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New genetic study of heart defects, autism discovers new genes responsible https://geneticscienceservices.com/new-genetic-study-of-heart-defects-autism-discovers-new-genes-responsible-2/ Fri, 05 Nov 2021 07:00:00 +0000 https://geneticscienceservices.com/new-genetic-study-of-heart-defects-autism-discovers-new-genes-responsible-2/ ANI | Update: 05 November 2021 14:27 STI New Haven (Connecticut) [US]Nov. 5 (ANI): In a new study, researchers have identified nearly two dozen genes that contribute to heart defects by studying genetic data from people born with congenital heart disease or autism.Hongyu Zhao of Yale University and his colleagues have developed a new algorithm […]]]>



ANI |
Update:
05 November 2021 14:27 STI

New Haven (Connecticut) [US]Nov. 5 (ANI): In a new study, researchers have identified nearly two dozen genes that contribute to heart defects by studying genetic data from people born with congenital heart disease or autism.
Hongyu Zhao of Yale University and his colleagues have developed a new algorithm to analyze genetic data for associated conditions, which they describe in an article published in the journal “PLOS Genetics”.
Several diseases that start early in life appear to be linked to mutations in the same genes. Recent research into de novo mutations, new mutations that appear in children and were not present in parents, has shown a link between congenital heart defects and autism. However, sequencing mutations de novo is expensive, so small studies of individual diseases have limited power to identify genes that increase a person’s risk of disease.

In the new study, researchers developed an algorithm called M-DATA (Multi-trait De novo mutation Association Test with Annotations) that combines sequencing data from people with related conditions to identify genes that contribute to the disease. They applied the new method to genetic data from people with congenital heart disease or autism and were able to identify 23 congenital heart disease genes, 12 of which were previously unknown.
The researchers conclude that M-DATA is more effective at identifying genes that increase a person’s risk than analyzes focusing on a single disease. Indeed, instead of analyzing a small number of genomes of affected individuals, M-DATA analyzes a larger number of combined genomes of several groups of people. The new method can help researchers identify previously unknown genes linked to the disease and improve our understanding of the cause and potential treatment of different conditions.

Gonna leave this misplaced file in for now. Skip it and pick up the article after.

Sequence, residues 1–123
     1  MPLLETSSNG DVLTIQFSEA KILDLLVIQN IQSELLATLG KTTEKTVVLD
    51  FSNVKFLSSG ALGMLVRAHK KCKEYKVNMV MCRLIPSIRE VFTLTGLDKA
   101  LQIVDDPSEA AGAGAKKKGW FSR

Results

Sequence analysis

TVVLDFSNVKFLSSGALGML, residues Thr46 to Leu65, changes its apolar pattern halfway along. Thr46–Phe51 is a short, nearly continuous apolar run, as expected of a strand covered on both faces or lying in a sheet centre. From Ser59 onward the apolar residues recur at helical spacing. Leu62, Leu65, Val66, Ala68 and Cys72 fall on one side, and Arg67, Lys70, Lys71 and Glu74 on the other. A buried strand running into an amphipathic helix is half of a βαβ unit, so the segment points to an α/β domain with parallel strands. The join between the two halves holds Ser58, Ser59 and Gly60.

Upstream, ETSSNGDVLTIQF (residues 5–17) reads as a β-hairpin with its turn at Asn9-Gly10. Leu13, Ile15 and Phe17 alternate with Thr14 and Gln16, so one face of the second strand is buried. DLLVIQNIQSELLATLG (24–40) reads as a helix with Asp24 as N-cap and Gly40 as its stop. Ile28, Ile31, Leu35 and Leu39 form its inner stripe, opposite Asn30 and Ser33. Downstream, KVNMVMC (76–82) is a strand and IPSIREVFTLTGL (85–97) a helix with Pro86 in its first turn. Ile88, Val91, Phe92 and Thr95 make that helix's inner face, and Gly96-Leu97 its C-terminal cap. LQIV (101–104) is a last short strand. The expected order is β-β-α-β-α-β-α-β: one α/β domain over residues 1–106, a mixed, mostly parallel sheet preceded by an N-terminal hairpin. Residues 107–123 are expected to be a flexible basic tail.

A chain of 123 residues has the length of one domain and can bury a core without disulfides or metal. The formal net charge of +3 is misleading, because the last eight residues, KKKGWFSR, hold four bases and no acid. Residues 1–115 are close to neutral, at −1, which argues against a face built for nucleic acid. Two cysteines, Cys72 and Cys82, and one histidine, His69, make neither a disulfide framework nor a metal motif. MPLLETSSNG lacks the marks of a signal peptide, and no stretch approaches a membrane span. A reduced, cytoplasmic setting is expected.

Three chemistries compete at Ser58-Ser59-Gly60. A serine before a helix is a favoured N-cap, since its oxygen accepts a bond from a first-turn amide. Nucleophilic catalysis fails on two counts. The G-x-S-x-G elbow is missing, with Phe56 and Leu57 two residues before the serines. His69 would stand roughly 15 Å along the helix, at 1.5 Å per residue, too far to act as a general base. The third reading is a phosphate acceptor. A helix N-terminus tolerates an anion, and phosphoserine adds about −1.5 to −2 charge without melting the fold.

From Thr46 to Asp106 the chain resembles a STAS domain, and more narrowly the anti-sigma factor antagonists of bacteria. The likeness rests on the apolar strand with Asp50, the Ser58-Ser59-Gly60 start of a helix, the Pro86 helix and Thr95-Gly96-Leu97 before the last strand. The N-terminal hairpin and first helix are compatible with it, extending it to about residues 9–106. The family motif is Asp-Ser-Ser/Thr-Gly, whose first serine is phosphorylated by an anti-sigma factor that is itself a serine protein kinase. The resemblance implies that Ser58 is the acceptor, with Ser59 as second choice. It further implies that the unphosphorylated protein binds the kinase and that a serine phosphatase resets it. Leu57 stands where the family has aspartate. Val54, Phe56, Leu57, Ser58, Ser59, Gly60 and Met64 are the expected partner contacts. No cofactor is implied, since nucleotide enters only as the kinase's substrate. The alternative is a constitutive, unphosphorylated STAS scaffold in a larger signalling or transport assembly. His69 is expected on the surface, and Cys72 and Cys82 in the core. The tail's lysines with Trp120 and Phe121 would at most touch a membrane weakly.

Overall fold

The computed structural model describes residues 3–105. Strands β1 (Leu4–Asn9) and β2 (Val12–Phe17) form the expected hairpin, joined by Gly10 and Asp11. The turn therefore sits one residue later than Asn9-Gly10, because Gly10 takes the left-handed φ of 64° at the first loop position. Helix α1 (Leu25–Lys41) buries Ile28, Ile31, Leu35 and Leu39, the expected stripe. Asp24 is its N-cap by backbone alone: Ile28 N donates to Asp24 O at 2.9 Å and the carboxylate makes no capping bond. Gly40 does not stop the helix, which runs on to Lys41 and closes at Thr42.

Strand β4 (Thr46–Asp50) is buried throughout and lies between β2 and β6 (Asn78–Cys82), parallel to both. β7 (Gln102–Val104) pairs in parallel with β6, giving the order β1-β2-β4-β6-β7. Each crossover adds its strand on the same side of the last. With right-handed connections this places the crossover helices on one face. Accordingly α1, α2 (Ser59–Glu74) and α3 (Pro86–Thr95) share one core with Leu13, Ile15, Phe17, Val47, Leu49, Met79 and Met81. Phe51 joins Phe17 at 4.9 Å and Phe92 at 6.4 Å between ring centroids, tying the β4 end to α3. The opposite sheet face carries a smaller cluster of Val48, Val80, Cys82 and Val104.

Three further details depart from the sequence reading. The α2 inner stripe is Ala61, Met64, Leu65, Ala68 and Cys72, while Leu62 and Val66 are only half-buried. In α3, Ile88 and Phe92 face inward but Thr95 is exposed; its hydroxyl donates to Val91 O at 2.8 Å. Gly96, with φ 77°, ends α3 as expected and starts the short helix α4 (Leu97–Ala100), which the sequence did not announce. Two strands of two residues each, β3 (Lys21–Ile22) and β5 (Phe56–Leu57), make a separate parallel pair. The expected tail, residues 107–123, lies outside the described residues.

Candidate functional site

Zhao adds, “By jointly analyzing de novo mutations in congenital heart disease (CHD) and autism, we have identified new genes that may play an important role in explaining the common genetic etiology of coronary heart disease and autism. “
Yuhan Xie, the principal research student, says, “As a student of biostatistics it is very motivating to find what could be meaningful for patients and their families. “(ANI)


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New genetic study of heart defects, autism discovers new genes responsible https://geneticscienceservices.com/new-genetic-study-of-heart-defects-autism-discovers-new-genes-responsible/ Fri, 05 Nov 2021 07:00:00 +0000 https://geneticscienceservices.com/new-genetic-study-of-heart-defects-autism-discovers-new-genes-responsible/ In a new study, researchers have identified nearly two dozen genes that contribute to heart defects by studying genetic data from people born with congenital heart disease or autism. Hongyu Zhao of Yale University and his colleagues have developed a new algorithm to analyze genetic data for associated conditions, which they describe in an article […]]]>

In a new study, researchers have identified nearly two dozen genes that contribute to heart defects by studying genetic data from people born with congenital heart disease or autism. Hongyu Zhao of Yale University and his colleagues have developed a new algorithm to analyze genetic data for associated conditions, which they describe in an article published in the journal “PLOS Genetics”.

Several diseases that start early in life appear to be linked to mutations in the same genes. Recent research into de novo mutations, new mutations that appear in children and were not present in parents, has shown a link between congenital heart defects and autism. However, sequencing mutations de novo is expensive, so small studies of individual diseases have limited power to identify genes that increase a person’s risk of disease. In the new study, researchers developed an algorithm called M-DATA (Multi-trait De novo mutation Association Test with Annotations) that combines sequencing data from people with related conditions to identify genes that contribute to the disease. They applied the new method to genetic data from people with congenital heart disease or autism and were able to identify 23 congenital heart disease genes, 12 of which were previously unknown.